They warned de-escalation would be tricky and divisive—how can it not be?—and there’ll no doubt be more inconsistencies and points of conflict in the coming months for reactionaries and halfwits to latch onto and call for the proverbial witch to be burned and something or someone blamed/sacrificed/deported. Likewise with more freedoms comes subconscious complacency and thus probably small “rebrotes”—outbreaks and flare ups. This risk becomes more relevant when one considers the news this week that only 5% of the Spanish population are thought to have developed antibodies to/can be said to have had the virus. In Asturias it’s about two percent. In Madrid it’s double the national average at roughly 10%. This is surprising considering the devastation already wrought in Spain and an insight into the catastrophe that would have ensued had herd immunity (60% infection rate) been followed as policy: some quick math though. Five into sixty goes twelve times. Current deaths standing at—let’s round it up to a clean 30,000. 30k multiplied by 12 equals 360,000. 360,000 dead Spaniards, give or take a few thousand or five. Fun fact: this was at one point the actual policy of the government of the United Kingdom of Great Britain and Northern Ireland.
Nonetheless it feels as though that in containing the virus many of Spain’s regions have earned the prize of an increased risk of a future major outbreak, a mere kicking the metaphorical can the wrong way down the metaphorical tunnel, just the next stage in a never-ending cycle of grimness until a vaccine is developed and distributed sometime between what some outlets suggest might be next month and others 2030. How long this can be endured remains to be seen. Hundreds and thousands must be waiting to crack; indeed some already have.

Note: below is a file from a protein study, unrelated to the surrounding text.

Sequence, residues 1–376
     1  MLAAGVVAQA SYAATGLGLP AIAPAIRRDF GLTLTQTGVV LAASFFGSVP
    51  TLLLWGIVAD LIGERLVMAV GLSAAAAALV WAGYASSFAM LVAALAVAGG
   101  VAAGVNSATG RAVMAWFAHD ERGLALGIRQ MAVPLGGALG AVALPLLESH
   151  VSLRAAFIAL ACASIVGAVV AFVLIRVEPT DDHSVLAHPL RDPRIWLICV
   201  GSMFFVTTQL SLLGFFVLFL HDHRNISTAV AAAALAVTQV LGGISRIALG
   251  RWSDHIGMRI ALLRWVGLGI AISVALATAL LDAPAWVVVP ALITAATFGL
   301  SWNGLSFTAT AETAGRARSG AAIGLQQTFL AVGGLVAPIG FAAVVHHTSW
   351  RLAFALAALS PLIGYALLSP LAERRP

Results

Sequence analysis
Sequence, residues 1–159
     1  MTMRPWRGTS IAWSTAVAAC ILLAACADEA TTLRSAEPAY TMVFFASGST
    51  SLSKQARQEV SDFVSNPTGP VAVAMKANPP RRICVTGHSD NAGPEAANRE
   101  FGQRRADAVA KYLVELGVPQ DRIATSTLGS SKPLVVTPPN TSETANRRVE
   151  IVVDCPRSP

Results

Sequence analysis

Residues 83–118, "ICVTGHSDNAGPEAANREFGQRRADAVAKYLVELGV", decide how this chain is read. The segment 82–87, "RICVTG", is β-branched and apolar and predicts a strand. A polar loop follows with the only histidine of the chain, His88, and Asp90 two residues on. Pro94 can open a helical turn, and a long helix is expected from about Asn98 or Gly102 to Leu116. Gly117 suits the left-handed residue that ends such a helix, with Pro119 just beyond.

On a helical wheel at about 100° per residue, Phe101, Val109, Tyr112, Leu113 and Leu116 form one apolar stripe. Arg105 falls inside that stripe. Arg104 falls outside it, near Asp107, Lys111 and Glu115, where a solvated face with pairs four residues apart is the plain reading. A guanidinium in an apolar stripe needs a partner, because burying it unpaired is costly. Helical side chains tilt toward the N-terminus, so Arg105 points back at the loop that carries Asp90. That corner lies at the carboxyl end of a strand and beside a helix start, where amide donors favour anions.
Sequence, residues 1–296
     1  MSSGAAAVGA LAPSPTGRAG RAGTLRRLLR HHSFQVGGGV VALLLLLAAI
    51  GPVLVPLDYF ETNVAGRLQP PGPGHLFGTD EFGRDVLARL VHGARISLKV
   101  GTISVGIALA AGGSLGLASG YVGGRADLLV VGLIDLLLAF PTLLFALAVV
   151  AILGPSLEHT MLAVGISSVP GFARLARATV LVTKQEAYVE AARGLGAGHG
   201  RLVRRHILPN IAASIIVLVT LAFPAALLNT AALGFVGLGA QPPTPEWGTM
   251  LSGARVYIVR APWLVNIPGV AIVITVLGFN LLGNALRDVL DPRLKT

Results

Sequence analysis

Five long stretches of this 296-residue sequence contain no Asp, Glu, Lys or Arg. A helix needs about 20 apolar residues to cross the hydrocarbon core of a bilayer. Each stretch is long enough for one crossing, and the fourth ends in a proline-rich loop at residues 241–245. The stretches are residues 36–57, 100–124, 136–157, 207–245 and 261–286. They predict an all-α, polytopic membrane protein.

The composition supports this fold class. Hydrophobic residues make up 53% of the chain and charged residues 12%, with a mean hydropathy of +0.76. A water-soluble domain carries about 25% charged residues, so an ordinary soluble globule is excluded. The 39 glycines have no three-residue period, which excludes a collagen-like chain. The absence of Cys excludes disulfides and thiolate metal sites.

Spanish twitter has exploded today with images of a “cacerolada” (a protest where people bang casserole pans because something something Spain) held yesterday in one of the wealthier barrios of Madrid. Without digging about into the twitter accounts of a bunch of dickheads with the Spanish flag in their handles it’s hard to see exactly what their beef specifically is. The sheer number of national flags kind of betrays the whole thing as not so much against any virus policy in particular but just an opportunistic swipe at the current left-wing coalition government by a bunch of “pijos” (posh fuckers) for whom the continuing lockdown has bumped a few Euros off their stock portfolios. The lack of social distancing during the protest is particularly brazen considering most of these people have spent the last two months putting the number of dead directly at Prime Minister Pedro Sanchez’s door.
For anyone interested in why Asturias has, despite having the oldest population of any comunidad in the country, one the lowest death rates in Spain national newspaper El País has a feature on just that issue. I can’t currently find an English version I’m afraid. Short answer though: solid healthcare system, third highest rate of testing in Spain, lots of space, and a big fucking mountain range between it and the diseased hordes.
¡Solidaridad para siempre! And lastly, some housekeeping; in the last dispatch I wrote that all of Spain minus Madrid and the comunidad of Castille León would be moving into phase 1 of lockdown de-escalation. Barcelona and much of Catalunya also remains in phase zero, as well as large parts of Andalucía taking in both Malaga and Granada, and large parts of Valencia. The largest city that’s de-escalated into phase one is Sevilla. Without going into any more detail, roughly 51% of Spain is now in phase one. One more correction: no parts of Asturias have been fast-tracked into phase two.
John Miskelly lives in Gijón/Xixón, Asturias, Spain. He is 34 years old.